Wednesday, February 17, 2016

All Votes Matter

"Study after study has shown that human behavior changes when we know we're being watched.  Under observation, we act less free, which means we effectively are less free.''

As I have stated many times before, I receive emails from an organization called MegaVote, which details the bills voted upon by Congress, and informs me how my particular representatives and senators voted.  I also look for and read similar summaries as posted in my Sunday newspaper. 

I found this past week's votes illustrative of why Americans must stop whining about our elected public officials not being accountable, and start investing some time in noting how those public servants actually vote so, when we next cast our ballots we can do so with a clear understanding of why we support or do not support a particular party or specific candidate.

Last week in the House, a bill passed that requires the National Science Foundation (NSF) to explain in writing how its research grants are demonstrably in the national interest.  In accordance with these guidelines, seven areas of national interest were determined.  The bill passed pretty much along party lines with GOP support, DEMs against.  A proposed DEM amendment to the bill, which would have designated research into gun violence an NSF priority was defeated, again along party lines.  GOP support was based on the belief that the $6 billion in tax payer money controlled by the NSF should be put to its best use, an admirable goal.  Unfortunately, some believe that there may be environmental research grants that offend certain fossil fuel business interest that may be denied, just as the idea that understanding why America is so rife with gun violence, offends the NRA and its advocates, and is therefore not in the national interest to study.

The GOP controlled House also approved a bill delaying a new Food and Drug Administration requirement for restaurant chains of 20 or more to prominently post nutrition info for standard items.  In their minds, I imagine that this burden to the business community outweighs (get it outweighs) the growing obesity problem in America, especially in our children. 

Also, the GOP passed a bill which will require the secretary of the treasury to provide detailed information regarding federal borrowing and the growing national debt.  Sounds good.  Except that a DEM amendment was defeated that would have sought to broaden that report to include wage and salary disparities, consumer spending and the effect of spending cuts of economic growth.  In other words, lets not make sure that we understand fully why so many people require federal and state assistance to live (perhaps low private sector wages?), how much lower (collected) tax rates for corporations and the highest earners has contributed to our debt, and how spending cuts which over proportionally effect the middle and lower economic classes, lead to less money available to purchase goods and services.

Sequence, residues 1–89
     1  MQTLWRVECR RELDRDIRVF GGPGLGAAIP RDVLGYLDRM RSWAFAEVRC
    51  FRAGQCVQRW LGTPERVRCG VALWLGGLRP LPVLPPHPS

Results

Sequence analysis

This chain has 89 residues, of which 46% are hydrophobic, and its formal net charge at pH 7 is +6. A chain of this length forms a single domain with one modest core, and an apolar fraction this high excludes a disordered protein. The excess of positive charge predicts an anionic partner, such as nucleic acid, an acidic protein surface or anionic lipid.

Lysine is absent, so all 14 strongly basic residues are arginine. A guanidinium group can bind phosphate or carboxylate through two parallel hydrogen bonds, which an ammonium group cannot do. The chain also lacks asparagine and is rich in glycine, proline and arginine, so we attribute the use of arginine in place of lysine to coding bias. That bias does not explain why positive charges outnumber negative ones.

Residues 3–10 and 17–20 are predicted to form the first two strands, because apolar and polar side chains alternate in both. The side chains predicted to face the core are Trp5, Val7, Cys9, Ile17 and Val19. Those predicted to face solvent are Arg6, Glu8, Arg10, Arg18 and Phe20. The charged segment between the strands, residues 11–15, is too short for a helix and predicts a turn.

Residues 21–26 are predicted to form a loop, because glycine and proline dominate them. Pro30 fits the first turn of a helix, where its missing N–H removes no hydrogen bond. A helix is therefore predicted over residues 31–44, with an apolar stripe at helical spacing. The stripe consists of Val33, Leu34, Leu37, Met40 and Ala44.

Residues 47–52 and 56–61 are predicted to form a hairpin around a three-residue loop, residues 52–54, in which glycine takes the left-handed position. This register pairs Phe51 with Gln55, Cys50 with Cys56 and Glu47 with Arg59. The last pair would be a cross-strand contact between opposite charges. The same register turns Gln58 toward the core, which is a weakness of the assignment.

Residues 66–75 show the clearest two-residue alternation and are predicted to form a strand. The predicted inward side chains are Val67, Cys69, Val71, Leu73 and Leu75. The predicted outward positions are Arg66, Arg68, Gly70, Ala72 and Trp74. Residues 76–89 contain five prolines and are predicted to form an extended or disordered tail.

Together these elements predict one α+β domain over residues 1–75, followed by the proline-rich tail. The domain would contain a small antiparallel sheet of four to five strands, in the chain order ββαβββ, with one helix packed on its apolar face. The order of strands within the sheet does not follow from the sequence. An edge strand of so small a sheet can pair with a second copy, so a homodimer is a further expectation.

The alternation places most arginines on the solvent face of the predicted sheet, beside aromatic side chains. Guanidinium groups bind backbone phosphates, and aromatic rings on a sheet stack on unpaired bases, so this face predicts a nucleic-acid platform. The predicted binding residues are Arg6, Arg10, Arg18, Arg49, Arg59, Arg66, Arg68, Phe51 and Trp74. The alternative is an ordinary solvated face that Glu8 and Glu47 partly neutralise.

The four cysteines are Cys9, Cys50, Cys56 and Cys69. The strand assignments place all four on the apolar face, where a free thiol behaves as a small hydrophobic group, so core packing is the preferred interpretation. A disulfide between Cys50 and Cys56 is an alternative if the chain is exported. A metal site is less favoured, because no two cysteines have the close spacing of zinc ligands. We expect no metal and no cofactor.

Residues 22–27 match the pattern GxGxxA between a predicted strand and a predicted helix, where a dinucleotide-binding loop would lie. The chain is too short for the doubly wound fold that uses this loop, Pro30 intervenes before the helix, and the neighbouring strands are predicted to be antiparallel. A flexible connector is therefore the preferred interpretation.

Certainly there are those who believe that all the above bills are good for America.  That is fine, we will agree to disagree.  The point is that if you do not think they are good, but are unaware of these kind of bills, are only aware of rhetoric that proclaims an overreaching federal government that needs to be restrained, you may not be cognizant of the fact that is the business community that these bills will protect, frequently at the cost of the everyday citizen.  You may think that your personal freedom is at stake (and there are government programs that do restrict your freedom), but those voting in Congress, especially the GOP, vote for programs that expand NSA intrusion into our private emails and phone calls, and only propose less government controls when those controls hold businesses accountable for shoddy products, misleading advertisements and outright abuses of their customers.

Now, in light of the recent passing of Supreme Court Justice Scalia, we have the ugly appearance of "a tradition", of not presenting a new Supreme Court nominee during an election year.  Odd, considering how sacred Justice Scalia held to a strict interpretation of the constitution that his death would result in those of similar mind set to prefer a newer, more modern interpretation of our founders. 

Which all means that the next presidential election matters, and more importantly, the election of any and all candidates running for office, be it local school board, state rep or senator or federal representative or Senator.  All votes matter means all elections as well as all ballots cast.  We must spend more time and energy scraping away the bullshit of campaign rhetoric, and examine what the candidates actually stand for, and who they stand behind.

By the way, if you are wondering about the quote which began this post, it is attributed in the Laphapm's Quarterly, Spies which I am reading to Edward Snowden.  One might say it is a nutshell justification for his revealing how the NSF has been spying on American citizens.  I have added it to this post as my way of connecting the importance of voting to freedom.  Remember, if we no longer participate in the democratic process, if we accept that less than 50% voter turnout is OK because we are too busy, or too cynical about the process, then we accept that our freedoms will be eroded from the inside out, and that our country will no longer be equated with "that shining city upon a hill", but merely just another country that fell victim to a citizenry that took its freedom for granted and abdicated its right to determine its future by failing to believe that all votes matter.



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